# Difference between revisions of "2005 AMC 10A Problems/Problem 10"

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Alternatively, note that whatever the two values of <math>a</math> are, they must lead to equations of the form <math>px^2 + qx + r =0</math> and <math>px^2 - qx + r = 0</math>. So the two choices of <math>a</math> must make <math>a_1 + 8 = q</math> and <math>a_2 + 8 = -q</math> so <math>a_1 + a_2 + 16 = 0</math> and <math>a_1 + a_2 = -16\Longrightarrow \mathrm{(A)}</math>. | Alternatively, note that whatever the two values of <math>a</math> are, they must lead to equations of the form <math>px^2 + qx + r =0</math> and <math>px^2 - qx + r = 0</math>. So the two choices of <math>a</math> must make <math>a_1 + 8 = q</math> and <math>a_2 + 8 = -q</math> so <math>a_1 + a_2 + 16 = 0</math> and <math>a_1 + a_2 = -16\Longrightarrow \mathrm{(A)}</math>. | ||

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+ | ==Alternate Solution== | ||

+ | |||

+ | Since this quadratic must have a double root, the discriminant of the quadratic formula for this quadratic must be 0. Therefore, we must have | ||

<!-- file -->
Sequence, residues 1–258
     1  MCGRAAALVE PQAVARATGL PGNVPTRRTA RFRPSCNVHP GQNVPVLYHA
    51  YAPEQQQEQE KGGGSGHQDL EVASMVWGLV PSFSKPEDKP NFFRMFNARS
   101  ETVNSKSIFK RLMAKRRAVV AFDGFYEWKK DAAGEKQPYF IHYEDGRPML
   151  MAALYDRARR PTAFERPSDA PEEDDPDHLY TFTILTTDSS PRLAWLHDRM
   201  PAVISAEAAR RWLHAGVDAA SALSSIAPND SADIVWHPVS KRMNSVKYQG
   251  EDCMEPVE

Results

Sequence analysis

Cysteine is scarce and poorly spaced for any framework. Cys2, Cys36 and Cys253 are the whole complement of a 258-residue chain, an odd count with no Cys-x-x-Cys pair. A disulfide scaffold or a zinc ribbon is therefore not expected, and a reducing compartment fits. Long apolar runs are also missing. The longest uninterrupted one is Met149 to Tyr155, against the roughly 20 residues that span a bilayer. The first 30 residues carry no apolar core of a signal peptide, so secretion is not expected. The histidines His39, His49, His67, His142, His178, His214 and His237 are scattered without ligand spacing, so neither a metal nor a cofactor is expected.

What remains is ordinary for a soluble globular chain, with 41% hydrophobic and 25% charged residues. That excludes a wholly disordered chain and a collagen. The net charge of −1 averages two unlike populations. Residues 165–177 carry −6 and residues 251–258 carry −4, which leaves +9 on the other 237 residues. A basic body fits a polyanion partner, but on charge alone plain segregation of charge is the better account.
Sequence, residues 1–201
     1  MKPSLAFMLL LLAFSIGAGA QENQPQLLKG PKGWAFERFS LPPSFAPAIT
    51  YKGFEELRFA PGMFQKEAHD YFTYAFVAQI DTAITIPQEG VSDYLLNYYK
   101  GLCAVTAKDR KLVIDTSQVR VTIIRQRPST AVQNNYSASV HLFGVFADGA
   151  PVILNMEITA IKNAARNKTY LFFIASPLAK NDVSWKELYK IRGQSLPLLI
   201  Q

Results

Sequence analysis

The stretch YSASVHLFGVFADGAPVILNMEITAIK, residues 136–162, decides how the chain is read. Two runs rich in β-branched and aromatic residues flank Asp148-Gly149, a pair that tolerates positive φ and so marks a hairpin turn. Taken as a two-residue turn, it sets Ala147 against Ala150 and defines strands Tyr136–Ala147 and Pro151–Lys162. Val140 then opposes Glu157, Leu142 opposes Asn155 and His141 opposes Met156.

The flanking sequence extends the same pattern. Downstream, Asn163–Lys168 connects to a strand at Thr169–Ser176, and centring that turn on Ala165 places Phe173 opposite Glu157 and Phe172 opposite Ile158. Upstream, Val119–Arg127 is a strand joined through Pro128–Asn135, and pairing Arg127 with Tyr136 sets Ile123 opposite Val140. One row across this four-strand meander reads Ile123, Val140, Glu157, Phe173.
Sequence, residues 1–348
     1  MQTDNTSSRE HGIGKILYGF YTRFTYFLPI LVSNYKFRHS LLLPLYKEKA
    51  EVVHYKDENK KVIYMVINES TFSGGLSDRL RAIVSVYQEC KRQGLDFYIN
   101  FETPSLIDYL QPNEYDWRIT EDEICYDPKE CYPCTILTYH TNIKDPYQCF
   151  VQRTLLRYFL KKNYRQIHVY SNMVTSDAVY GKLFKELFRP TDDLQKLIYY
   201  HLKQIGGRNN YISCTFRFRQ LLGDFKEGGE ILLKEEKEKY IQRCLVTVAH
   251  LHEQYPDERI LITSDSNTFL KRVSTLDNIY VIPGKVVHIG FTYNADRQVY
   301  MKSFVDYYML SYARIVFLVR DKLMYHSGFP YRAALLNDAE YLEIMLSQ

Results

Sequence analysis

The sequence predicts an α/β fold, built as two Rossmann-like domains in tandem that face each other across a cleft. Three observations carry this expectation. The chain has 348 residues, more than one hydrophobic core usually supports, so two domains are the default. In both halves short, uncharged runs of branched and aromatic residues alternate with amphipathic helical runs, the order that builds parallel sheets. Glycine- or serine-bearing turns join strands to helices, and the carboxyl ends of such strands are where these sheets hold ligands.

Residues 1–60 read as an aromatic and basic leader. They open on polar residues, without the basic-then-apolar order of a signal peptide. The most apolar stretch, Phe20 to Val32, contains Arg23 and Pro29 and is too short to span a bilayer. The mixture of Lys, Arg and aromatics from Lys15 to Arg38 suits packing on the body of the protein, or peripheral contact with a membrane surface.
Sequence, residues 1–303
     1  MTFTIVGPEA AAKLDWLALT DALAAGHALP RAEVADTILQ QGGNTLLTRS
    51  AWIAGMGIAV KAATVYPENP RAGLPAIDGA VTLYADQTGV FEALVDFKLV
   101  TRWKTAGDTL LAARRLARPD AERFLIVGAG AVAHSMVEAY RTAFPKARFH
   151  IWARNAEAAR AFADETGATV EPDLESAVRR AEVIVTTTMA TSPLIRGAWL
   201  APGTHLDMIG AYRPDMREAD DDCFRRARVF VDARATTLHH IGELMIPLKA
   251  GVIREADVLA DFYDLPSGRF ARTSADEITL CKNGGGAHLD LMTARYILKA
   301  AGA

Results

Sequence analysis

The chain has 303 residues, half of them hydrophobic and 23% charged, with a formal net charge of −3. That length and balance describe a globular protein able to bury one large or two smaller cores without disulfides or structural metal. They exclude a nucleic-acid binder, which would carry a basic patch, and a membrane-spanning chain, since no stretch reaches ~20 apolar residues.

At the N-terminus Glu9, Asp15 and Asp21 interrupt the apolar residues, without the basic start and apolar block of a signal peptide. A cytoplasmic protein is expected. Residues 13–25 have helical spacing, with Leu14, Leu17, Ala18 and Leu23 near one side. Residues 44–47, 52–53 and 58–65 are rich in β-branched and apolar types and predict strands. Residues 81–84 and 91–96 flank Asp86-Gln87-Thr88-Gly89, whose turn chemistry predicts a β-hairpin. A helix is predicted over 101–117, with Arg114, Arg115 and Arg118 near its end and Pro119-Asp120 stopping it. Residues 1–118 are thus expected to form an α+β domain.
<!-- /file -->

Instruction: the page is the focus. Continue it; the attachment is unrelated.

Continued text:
+ | <cmath> (a+8)^2 - 4(4)(9) = 0 \implies a^2 + 16a - 144. </cmath> We can use the quadratic formula to solve for its roots (we can ignore the things in the radical sign as they will cancel out due to the <math>\pm</math> sign when added). So we must have | ||

+ | <cmath> \frac{-16 \pm \sqrt{\text{something}}{2} + \frac{-16 \pm \sqrt{something}}{2}. </cmath> | ||

+ | Therefore, we have <math>(-16)(2)/2 = -16 \implies \boxed{A}.</math> | ||

==See Also== | ==See Also== |

## Revision as of 15:55, 21 December 2009

## Problem

There are two values of for which the equation has only one solution for . What is the sum of those values of ?

## Solution

A quadratic equation has exactly one root if and only if it is a perfect square. So set

Two polynomials are equal only if their coefficients are equal, so we must have

or .

So the desired sum is

Alternatively, note that whatever the two values of are, they must lead to equations of the form and . So the two choices of must make and so and .

## Alternate Solution

Since this quadratic must have a double root, the discriminant of the quadratic formula for this quadratic must be 0. Therefore, we must have We can use the quadratic formula to solve for its roots (we can ignore the things in the radical sign as they will cancel out due to the sign when added). So we must have

\[\frac{-16 \pm \sqrt{\text{something}}{2} + \frac{-16 \pm \sqrt{something}}{2}.\] (Error compiling LaTeX. ! File ended while scanning use of \frac .)

Therefore, we have